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WASHINGTON — Visitors set foot inside the Washington Monument on Monday, nearly three years after a 5.8-magnitude earthquake closed it for repairs.

About 1,800 people, including veterans wounded in the wars in Iraq and Afghanistan and their families, were allowed inside starting at 1 p.m. ET. Beforehand, the National Park Service had an hourlong reopening ceremony with schoolchildren, bands, singers and speeches.

"Going up in there and looking out reminded me of what I was fighting for," said Marine Cpl. Tim Donley, who now uses a wheelchair because of the injuries he sustained. From the top, visitors can see the White House, the Capitol, the museums and monuments on the National Mall and beyond to Arlington Cemetery.

Visitors can examine new exhibits on the top floor of the 555-foot structure, including one that tells the story of Gen. George Washington.

"They just finished getting them installed at 3 in the afternoon on Friday," said Jenny Anzelmo-Sarles of the National Park Service. "You can still smell the glue drying."

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STORY: Washington Monument gets $7.5M for earthquake damage repairs

The epicenter of the Aug. 23, 2011, earthquake that damaged the iconic obelisk on the National Mall was about 90 miles southwest of Washington, but it caused more than 150 cracks in the monument's marble, including one near the peak that split a stone from top to bottom.

For two years, construction workers mended the marble and reinforced weak spots.

Some damaged marble was replaced with salvaged material or stone from the same Maryland quarry as the monument's original marble. The replacement stone had been saved from the steps of old Baltimore row houses.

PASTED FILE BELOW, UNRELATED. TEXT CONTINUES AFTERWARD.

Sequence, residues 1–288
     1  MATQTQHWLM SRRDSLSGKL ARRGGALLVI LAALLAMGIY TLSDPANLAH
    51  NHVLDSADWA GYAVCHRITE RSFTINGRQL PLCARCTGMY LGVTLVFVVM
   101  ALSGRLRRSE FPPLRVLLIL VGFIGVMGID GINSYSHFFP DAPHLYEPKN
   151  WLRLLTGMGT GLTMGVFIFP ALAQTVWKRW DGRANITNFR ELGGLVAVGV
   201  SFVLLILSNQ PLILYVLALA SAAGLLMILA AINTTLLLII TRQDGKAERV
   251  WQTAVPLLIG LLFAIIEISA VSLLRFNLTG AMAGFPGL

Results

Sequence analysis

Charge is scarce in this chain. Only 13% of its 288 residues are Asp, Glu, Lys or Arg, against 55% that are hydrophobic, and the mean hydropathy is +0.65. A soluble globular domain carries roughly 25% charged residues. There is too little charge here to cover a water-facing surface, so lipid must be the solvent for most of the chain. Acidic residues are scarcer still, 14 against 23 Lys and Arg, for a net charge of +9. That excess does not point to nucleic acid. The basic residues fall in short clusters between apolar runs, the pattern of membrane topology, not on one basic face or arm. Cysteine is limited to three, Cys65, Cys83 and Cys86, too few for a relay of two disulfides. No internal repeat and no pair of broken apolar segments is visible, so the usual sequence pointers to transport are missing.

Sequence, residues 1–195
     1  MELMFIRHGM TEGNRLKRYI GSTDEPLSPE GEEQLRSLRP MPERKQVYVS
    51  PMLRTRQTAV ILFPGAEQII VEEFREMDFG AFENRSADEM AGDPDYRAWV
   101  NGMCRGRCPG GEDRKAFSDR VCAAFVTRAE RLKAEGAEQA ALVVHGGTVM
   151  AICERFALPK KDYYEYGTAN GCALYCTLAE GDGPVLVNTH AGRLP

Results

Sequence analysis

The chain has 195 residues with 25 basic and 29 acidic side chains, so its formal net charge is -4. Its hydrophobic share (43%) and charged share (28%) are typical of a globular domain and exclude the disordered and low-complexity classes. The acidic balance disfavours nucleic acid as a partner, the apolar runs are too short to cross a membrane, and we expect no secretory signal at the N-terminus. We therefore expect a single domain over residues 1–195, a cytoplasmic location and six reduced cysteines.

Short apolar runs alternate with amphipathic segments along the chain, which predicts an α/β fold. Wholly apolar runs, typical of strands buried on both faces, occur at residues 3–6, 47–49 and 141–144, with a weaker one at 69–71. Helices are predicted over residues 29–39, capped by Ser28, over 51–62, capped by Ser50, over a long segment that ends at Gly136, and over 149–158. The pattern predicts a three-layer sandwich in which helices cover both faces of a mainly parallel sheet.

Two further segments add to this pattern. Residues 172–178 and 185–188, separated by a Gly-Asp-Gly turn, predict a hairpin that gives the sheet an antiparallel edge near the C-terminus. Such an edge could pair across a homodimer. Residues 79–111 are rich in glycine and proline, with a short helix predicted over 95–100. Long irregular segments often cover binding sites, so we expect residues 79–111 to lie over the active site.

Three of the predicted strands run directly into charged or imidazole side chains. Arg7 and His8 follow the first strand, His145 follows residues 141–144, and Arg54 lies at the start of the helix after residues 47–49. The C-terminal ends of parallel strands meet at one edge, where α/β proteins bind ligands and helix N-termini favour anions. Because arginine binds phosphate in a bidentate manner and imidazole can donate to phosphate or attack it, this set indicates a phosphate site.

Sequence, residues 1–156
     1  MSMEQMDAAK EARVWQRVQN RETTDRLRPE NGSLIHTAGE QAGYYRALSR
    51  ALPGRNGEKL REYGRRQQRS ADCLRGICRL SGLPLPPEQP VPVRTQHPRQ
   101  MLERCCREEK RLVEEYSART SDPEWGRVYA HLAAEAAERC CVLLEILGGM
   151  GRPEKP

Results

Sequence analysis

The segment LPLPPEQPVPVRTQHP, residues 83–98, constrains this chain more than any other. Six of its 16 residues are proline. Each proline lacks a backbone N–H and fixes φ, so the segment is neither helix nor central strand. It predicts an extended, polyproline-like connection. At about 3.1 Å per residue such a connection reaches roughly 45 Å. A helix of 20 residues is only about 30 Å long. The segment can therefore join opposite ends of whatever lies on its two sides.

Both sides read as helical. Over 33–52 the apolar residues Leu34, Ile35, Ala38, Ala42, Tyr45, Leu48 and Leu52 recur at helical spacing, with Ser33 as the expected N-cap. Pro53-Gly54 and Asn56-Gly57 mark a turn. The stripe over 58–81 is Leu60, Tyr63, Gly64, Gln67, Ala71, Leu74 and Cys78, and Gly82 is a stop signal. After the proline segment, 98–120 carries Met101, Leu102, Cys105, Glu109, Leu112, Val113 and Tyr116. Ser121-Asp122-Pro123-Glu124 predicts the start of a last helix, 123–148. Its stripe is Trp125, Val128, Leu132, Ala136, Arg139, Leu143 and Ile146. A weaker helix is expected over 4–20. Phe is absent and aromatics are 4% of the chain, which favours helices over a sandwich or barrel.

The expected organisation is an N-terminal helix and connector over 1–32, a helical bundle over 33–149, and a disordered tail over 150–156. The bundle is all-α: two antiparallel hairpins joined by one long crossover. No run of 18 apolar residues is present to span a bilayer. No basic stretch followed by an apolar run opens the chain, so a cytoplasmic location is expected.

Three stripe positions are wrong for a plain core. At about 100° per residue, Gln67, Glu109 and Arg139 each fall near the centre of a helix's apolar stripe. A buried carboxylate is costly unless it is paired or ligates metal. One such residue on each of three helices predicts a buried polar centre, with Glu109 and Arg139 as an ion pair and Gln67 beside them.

"Repairing the Washington Monument included the painstaking process of inspecting more than 20,000 stones, repairing cracks, securing loose stones, installing steel supports and repairing extensive damage to the elevator, in addition to completing a thorough seismic study," said Jonathan B. Jarvis, National Park Service director.

The project was completed on time and within budget, thanks to a $7.5 million donation from financier David Rubenstein of The Carlyle Group. His gift was matched with money from Congress.

MORE: Other timelapse video from EarthCam

Original construction on the Washington Monument began in 1848 but stopped in 1854 when donations ran out. It resumed in 1879, after the Civil War. And the monument was dedicated on Feb. 21, 1885, the day before the former president's birthday.

The political divisions that stopped construction 160 years ago aren't too different from Washington today, said the president of the non-profit Trust for the National Mall, Caroline Cunningham.

The Washington Monument has finally reopened after it was closed because of damage from an earthquake. This time-lapse video courtesy of EarthCam shows the three years of repairs in about 80 seconds. Check out www.earthcam.net for more cool videos.

Free tickets for entry Monday were snapped up. They'll be online starting Tuesday for availability in late June. The Washington Monument Lodge on 15th Street between Madison and Jefferson drives also will have tickets on a first-come, first-served basis starting at 8:30 each morning.

YOUR TAKE: Have photos of the Washington Monument?

The Washington Monument normally draws about 700,000 visitors a year. The National Park Service has extended hours to visit the monument beginning Tuesday through the summer from 9 a.m. to 10 p.m. daily.

"Folks can walk up. They can touch the stone, feel that marble and get in the elevator and get up to the top," Anzelmo-Sarles said. "See the incredible view of the city. It's unmatched."

Contributing: The Associated Press

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